Electronics Production | January 11, 2012
Raspberry Pi not 'Made in the UK'
The Raspberry Pi project has come to life; not through UK manufacturing, but with the help of Asian manufacturers.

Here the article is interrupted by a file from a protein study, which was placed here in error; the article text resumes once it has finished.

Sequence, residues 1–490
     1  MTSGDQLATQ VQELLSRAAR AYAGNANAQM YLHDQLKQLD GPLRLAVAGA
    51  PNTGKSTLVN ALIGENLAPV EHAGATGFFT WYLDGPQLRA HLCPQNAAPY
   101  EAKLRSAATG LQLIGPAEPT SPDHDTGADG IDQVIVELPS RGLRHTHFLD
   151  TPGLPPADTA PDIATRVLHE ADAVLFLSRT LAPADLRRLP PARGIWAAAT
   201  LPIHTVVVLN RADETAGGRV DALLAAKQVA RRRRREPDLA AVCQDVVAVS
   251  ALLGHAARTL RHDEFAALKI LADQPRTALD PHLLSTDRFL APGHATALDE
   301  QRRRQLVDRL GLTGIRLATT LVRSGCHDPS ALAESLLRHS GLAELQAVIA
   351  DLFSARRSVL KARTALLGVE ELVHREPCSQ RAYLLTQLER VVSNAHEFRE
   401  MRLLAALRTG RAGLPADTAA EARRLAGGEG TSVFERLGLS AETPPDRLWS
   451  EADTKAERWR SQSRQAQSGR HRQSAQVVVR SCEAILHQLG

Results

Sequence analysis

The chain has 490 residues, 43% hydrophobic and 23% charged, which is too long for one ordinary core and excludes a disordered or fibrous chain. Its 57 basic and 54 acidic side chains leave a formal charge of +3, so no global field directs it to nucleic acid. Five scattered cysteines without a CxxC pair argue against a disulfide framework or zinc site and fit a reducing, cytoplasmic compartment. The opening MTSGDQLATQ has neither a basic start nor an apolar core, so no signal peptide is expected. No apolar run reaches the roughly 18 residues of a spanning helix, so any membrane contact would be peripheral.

Raspberry Pis started being made a couple of days ago and the first units from the first batch of those "tiny and cheap computers" will be rolling off the line at the end of January. This first batch will consist only of Model Bs and is 10'000 in size. The idea was first born in 2006 and is the brainchild of Eben Upton (then a lecturer at Cambridge University). He and colleagues from the university like Rob Mullins and Alan Mycroft (both now trustees of the Raspberry Pi Foundation) continued to discuss the issue of how to attract young people to become programmers. By 2008, a group of likeminded friends and colleagues joint forces: David Braben; Jack Lang; Pete Lomas and Profesor Alan Mycroft and Dr Rob Mullins. The Raspberry Pi Foundation is a UK registered charity. Now, 2011/12 the charity was looking for manufacturing partners that would help bring the idea to realisation. Being a UK-based charity, all manufacturing was supposed to happen in the UK to "help bootstrap the UK electronics industry, and doing our manufacturing in the UK seemed another way to help reach our goals". We investigated a number of possible UK manufacturers, but encountered a few problems, some of which made matters impossible. Firstly, the schedule for manufacture for every UK business we approached was between 12 and 14 weeks (compared to a 3-4 week turnaround in the Far East). That would have meant you’d be waiting three months rather than three weeks to buy your Raspberry Pi, and we didn’t think that was acceptable. (Blog Post) Additional problems arise Pricing in the UK varied enormously with factories’ capacity. If a factory had sufficient capacity, quotes were also high. If quotes were marginally profitable (as opposed of sending the charity into the red), production volume reached to a few hundred units a month. "Just to be able to say we’d kept all the work in one country, starts to look irresponsible." Next up are taxes. If gadgets are produced in the UK, higher taxes are applicable. If a completed device is imported into the UK? no import duty at all. "This means that it’s really, really tax inefficient for an electronics company to do its manufacturing in Britain, and it’s one of the reasons that so much of our manufacturing goes overseas. Right now, the way things stand means that a company doing its manufacturing abroad, depriving the UK economy, gets a tax break. It’s an absolutely mad way for the Inland Revenue to be running things, and it’s an issue we’ve taken up with the Department for Business, Innovation and Skills." So - for the time being at least - manufacturing happens in Asia.